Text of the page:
Our objective was to assess surgical outcomes between male and female patients undergoing off-pump coronary artery bypass grafting (CABG). The study was conducted from a 10-year hospitalization cohort (n = 11,230) in which the data were collected prospectively. Inclusion criteria
included an off-pump CABG-only procedure. There were 526 men and 250 women included in the study. Fourteen potential confounding risk factors and 14 outcome variables were examined. Six potential risk factors were found to be significantly different between men and women. Men were younger
(P = 0.014), had a larger body surface area (P < 0.001), a higher creatinine level (P < 0.001), required more grafts (P < 0.001), and were more likely to have a cerebrovascular history (P = 0.020) and a history of tobacco use (P
≤ 0.001). Logistic regression analysis showed that even after controlling for age, body surface area, creatinine level, number of grafts, and tobacco history, women had longer length of hospitalization (odds ratio, 1.97; 95% confidence interval, 1.28–3.04, P = 0.002)
and more sternal wound complications than men (odds ratio, 1.07; 95% confidence interval, 1.01–2.11, P = 0.028) after off-pump CABG. Although not statistically different, women had lower operative mortality than men after off-pump CABG (0.8% [2 of 10] compared with 1.5%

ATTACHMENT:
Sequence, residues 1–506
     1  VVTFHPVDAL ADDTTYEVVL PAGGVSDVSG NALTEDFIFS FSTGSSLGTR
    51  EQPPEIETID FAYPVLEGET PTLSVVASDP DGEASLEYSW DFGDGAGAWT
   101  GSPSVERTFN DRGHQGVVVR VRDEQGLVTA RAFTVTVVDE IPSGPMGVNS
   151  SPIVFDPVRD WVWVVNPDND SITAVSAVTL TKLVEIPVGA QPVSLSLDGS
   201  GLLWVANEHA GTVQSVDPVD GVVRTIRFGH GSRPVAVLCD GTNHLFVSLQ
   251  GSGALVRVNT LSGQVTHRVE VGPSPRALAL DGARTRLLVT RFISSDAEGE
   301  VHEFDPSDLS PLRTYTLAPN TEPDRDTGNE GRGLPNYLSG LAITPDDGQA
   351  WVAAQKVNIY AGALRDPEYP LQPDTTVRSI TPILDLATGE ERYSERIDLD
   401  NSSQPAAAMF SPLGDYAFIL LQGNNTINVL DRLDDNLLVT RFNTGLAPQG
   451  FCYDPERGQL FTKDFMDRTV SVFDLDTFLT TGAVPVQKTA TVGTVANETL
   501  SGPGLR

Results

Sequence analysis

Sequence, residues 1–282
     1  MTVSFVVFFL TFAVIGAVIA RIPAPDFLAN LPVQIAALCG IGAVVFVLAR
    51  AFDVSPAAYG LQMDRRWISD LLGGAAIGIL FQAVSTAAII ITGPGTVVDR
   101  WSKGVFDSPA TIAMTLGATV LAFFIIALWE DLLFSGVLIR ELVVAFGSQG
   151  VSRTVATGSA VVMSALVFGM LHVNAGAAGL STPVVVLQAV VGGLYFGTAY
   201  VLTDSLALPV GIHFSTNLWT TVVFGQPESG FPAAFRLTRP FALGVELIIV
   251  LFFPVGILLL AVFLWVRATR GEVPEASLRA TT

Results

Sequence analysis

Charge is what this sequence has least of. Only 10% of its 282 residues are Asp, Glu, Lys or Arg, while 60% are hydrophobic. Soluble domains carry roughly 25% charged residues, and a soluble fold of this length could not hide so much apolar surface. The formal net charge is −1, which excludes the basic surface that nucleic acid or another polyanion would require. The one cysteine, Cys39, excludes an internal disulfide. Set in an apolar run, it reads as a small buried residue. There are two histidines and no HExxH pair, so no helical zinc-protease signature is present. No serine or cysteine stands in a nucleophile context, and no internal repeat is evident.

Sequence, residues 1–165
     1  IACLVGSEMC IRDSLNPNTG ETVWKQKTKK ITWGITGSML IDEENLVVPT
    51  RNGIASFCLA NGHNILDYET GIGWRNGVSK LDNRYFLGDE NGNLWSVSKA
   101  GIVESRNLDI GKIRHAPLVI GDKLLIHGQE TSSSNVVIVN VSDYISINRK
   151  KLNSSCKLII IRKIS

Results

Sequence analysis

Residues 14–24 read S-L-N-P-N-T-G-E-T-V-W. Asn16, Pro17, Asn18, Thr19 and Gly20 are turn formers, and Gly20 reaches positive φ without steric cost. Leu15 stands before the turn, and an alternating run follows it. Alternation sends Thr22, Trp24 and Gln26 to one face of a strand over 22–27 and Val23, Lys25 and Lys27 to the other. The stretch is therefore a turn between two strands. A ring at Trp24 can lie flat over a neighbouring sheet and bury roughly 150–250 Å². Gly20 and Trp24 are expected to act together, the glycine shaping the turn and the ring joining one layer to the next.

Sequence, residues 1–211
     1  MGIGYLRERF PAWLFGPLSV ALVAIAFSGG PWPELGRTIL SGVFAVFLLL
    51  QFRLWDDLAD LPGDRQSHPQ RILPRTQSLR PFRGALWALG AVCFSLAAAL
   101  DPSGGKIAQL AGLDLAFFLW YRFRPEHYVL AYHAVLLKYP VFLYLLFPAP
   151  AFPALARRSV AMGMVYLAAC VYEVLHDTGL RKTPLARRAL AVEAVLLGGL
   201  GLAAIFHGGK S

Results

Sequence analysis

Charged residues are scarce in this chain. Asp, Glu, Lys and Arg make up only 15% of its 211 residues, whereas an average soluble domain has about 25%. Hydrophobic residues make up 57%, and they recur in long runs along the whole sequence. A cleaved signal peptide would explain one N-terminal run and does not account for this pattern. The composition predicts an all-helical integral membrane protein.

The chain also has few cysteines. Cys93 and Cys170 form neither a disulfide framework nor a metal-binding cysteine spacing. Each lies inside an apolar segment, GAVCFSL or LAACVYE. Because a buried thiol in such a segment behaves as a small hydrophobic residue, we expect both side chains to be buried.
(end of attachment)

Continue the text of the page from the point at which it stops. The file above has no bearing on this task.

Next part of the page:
[8 of 10], respectively). Despite women requiring a longer hospitalization and having a greater incidence of sternal wound infections than men, there was no significant difference in mortality.
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Document Type: Research Article
From the Department of Surgery, Good Samaritan Hospital, Cincinnati, Ohio;
From the Department of Surgery, Good Samaritan Hospital, Cincinnati, Ohio;, Cardiac, Vascular, and Thoracic Surgery, Inc., Cincinnati, Ohio; and
E. Kenneth Hatton, M.D., Institute for Research and Education, Cincinnati, Ohio
Publication date: April 1, 2006
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